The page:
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Elbow Fracture

Elbow Fracture

The elbow is the joint between the upper arm bone (humerus) and the forearm bones (radius and ulna). A fractured elbow means that one of these bones has broken near the elbow joint. A fractured elbow can occur from falling on an outstretched arm, directly hitting the elbow, or forcefully using the elbow like a lever to move or lift something. Fractures may be closed (the broken bone does not break through the skin) or open (the skin is broken over the fracture site and the bone may poke through the skin, or bone may be visible in the wound). Sprains, strains, or dislocations may occur at the same time as a fracture.

Symptoms of a fractured elbow may include:

  • A snap or pop felt or heard at the time of the injury.
  • Pain that is likely to increase with arm movement or pressure applied to the area.
  • A grating sound or feeling with movement of or pressure on the injured arm.
  • An elbow that looks misshapen or out of its normal position (deformed).
  • Changes in feeling, such as numbness or tingling, in the elbow, forearm, or hand.
  • Cool, pale, or blue skin on the elbow, forearm, or hand.
  • A decreased pulse or no pulse at the wrist.
  • Swelling and bruising that appears within 30 minutes of the injury.
  • A feeling of looseness or instability at the elbow.
  • Decreased ability or inability to move the arm (not because of pain).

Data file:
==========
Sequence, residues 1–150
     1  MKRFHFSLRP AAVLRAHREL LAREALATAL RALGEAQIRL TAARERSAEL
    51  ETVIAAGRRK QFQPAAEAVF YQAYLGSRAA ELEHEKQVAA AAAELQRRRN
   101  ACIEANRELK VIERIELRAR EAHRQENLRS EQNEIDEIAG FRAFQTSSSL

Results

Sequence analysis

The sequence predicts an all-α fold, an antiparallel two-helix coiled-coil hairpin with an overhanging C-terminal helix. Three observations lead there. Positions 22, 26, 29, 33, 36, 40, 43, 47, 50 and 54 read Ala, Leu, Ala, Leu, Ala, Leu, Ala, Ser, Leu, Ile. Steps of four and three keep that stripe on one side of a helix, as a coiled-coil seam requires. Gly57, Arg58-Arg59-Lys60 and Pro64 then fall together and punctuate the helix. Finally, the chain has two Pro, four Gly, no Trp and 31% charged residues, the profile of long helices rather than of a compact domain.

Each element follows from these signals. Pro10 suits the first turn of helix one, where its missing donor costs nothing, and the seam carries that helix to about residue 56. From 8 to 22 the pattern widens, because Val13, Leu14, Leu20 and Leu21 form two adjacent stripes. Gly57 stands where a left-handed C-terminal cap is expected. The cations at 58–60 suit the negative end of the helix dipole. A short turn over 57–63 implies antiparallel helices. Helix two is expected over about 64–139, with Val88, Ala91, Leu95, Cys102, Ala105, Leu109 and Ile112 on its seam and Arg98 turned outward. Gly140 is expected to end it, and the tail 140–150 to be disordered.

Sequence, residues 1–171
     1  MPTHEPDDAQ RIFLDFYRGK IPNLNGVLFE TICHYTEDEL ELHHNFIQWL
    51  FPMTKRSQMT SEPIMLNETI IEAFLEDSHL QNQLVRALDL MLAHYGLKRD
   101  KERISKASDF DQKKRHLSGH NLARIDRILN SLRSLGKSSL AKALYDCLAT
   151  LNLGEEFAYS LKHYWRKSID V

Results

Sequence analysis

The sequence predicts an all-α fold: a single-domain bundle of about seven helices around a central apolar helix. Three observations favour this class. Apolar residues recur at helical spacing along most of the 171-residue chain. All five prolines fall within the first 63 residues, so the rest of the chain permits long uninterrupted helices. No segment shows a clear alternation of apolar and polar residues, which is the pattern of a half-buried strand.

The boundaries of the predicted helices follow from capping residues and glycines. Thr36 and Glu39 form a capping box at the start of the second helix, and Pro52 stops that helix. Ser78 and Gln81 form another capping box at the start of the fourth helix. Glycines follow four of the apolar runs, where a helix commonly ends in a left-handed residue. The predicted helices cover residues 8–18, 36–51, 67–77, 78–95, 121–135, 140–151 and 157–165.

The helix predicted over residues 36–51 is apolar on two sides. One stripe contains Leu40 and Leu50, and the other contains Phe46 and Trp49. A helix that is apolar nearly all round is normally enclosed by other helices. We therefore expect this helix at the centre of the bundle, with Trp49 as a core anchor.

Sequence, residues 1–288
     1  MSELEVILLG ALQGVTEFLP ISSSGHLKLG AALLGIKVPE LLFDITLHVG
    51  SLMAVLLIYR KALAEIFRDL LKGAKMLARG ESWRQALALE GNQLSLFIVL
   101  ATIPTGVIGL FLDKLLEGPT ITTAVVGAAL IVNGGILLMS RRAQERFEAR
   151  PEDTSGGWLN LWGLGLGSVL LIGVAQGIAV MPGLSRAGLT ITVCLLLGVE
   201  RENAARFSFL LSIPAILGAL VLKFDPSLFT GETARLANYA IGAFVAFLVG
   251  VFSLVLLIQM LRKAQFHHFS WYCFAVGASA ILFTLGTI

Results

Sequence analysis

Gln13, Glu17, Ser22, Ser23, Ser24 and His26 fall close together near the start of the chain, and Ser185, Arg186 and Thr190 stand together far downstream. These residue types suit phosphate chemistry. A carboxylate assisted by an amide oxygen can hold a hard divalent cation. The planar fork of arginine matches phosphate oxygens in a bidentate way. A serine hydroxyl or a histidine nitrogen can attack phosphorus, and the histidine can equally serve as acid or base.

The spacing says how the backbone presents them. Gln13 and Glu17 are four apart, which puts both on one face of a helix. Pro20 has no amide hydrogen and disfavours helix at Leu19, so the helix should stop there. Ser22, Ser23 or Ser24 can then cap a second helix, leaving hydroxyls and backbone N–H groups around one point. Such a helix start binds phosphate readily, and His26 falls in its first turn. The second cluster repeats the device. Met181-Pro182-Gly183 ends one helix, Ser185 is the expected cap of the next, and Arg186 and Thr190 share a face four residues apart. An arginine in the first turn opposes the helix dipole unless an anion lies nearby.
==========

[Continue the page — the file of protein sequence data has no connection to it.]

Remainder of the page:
• A bone poking through the skin or visible in a wound.

Recovery time for a fracture can vary depending on a person's age and health and the type and severity of the fracture. A minor break in children may heal completely in a few weeks, while a serious fracture in an older person may require months to heal.

Initial medical treatment may include:

  • Immobilizing the injured arm with a cast, splint, or wrap.
  • Applying ice.
  • Taking anti-inflammatory medicines to reduce pain and swelling.

Later, physical therapy may be done to help the person strengthen the muscles around the elbow and regain arm motion.

Many elbow fractures may need surgery so that the elbow heals without any loss of function.

If a fracture is untreated, the result can be long-term pain, decreased arm movement and strength, and a misshapen joint.

By Healthwise Staff
Primary Medical Reviewer William H. Blahd, Jr., MD, FACEP - Emergency Medicine
Specialist Medical Reviewer H. Michael O'Connor, MD - Emergency Medicine
Last Revised February 16, 2011

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